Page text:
We are again faced with the troublesome question of how to deal with travel expenses (not involving an overnight stay) which partake of the character of commuting expenses. See William B. Turner, 56 T.C. 27 (1971), vacated and remanded on respondent's motion by an unpublished order (2d Cir., Mar. 21, 1972). Respondent has chosen, however, to frame the issue before us in classical terms, namely, whether petitioner's employment in Lusby was "temporary" or "indefinite." Peurifoy v. Commissioner, 358 U.S. 59 (1958), affg. per curiam 254 F.2d 483 (4th Cir. 1957); see Rev. Rul. 55-109, 1955-1 C.B. 261; Rev. Rul. 54-497, 1954-2 C.B. 75; Rev. Rul. 190, 1953-2 C.B. 303; Pub. 17, "Your Federal Income Tax," p.73 (1976 ed.); Pub. 463, "Travel, Entertainment, and Gift Expenses," p.6 (1976 ed.); 3 C.C.H. Internal Revenue Manual 8409-3 (1975). As we view respondent's position in this case, he concedes that to the extent that we determine petitioner's employment at Lusby was temporary, Washington, D.C., was petitioner's principal place of employment and the expenses in question are deductible as ordinary and necessary business expenses under section 162(a). See Arthur Sansone, 41 T.C. 277 (1963). Compare Hess v. United States, 329 F. Supp. 1353 (D. Kan. 1971). Under the foregoing circumstances, our decision in Turner simply has no bearing herein. Compare also Berhow v. United States, 279 F. Supp. 737 (D. Neb. 1968); Rev. Rul. 190, 1953-2 C.B. 303. [Fn. ref. omitted.]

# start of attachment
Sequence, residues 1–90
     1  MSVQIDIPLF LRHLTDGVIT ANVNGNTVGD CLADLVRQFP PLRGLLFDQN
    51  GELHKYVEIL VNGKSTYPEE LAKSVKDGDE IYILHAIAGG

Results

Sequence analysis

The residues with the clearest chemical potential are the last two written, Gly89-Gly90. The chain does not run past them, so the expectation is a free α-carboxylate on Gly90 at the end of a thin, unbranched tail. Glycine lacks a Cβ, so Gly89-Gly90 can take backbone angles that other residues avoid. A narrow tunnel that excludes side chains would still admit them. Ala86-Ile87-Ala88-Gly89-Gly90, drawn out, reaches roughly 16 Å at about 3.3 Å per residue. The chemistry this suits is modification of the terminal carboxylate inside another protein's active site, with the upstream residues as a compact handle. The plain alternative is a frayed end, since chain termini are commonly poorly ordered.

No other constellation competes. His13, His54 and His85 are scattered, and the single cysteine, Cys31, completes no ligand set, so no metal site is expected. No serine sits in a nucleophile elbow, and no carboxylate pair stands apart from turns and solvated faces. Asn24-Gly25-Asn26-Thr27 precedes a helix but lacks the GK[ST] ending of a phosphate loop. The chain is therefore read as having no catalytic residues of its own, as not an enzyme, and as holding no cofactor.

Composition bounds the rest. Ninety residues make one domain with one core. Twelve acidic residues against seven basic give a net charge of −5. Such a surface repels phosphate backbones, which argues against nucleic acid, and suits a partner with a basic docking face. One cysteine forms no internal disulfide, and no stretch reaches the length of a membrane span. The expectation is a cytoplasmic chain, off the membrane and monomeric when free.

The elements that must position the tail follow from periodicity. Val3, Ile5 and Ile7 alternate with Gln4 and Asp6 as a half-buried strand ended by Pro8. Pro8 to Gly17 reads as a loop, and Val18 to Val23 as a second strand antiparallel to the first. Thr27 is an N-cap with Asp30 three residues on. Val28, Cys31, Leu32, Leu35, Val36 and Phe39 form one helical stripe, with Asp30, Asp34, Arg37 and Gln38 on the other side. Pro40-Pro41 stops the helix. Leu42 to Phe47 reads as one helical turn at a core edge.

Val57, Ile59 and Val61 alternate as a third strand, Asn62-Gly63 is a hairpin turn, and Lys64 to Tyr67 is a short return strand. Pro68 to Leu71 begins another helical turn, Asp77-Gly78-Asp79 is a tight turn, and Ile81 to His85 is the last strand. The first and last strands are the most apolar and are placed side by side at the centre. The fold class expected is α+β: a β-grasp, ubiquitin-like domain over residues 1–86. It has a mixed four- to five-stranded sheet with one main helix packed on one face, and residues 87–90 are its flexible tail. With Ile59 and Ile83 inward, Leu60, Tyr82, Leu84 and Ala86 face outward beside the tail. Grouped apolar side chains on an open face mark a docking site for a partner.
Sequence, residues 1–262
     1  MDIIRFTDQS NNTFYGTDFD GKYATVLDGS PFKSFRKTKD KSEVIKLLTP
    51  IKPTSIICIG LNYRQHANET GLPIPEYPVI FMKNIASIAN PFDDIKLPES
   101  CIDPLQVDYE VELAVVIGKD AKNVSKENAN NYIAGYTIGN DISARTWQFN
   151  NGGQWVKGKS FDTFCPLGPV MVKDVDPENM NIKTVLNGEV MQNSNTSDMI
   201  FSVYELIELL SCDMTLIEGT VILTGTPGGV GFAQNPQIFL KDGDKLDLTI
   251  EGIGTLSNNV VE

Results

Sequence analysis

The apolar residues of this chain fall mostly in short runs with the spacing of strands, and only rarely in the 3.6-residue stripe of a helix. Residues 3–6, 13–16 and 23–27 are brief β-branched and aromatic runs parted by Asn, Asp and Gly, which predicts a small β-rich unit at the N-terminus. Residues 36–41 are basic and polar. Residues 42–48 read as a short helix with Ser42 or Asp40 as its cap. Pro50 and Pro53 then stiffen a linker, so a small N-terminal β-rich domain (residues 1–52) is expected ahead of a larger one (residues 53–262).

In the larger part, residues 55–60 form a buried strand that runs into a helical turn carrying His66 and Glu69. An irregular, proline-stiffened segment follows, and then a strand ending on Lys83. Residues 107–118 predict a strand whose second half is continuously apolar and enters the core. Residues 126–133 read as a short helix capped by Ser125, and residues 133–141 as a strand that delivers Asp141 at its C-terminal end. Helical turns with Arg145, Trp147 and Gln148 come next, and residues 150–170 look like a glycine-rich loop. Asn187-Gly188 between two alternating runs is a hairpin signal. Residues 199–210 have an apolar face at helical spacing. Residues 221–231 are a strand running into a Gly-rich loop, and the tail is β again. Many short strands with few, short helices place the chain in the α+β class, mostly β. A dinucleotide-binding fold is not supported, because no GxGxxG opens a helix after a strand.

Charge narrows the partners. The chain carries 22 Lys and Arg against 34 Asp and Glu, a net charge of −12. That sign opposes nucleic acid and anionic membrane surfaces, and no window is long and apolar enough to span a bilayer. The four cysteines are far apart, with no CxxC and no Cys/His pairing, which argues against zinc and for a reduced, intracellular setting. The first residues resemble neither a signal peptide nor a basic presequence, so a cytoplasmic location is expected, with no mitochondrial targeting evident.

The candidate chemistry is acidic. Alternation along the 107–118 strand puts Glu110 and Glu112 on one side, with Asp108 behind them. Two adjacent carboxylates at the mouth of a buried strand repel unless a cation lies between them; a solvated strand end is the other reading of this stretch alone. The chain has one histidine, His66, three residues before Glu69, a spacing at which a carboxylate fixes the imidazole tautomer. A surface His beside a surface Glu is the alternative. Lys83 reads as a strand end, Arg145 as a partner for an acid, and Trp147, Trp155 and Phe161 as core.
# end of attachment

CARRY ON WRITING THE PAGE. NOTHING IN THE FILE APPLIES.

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Decision will be entered under Rule 155.

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Если у вас нет еще доступа в ваш «Личный кабинет», то советую сделать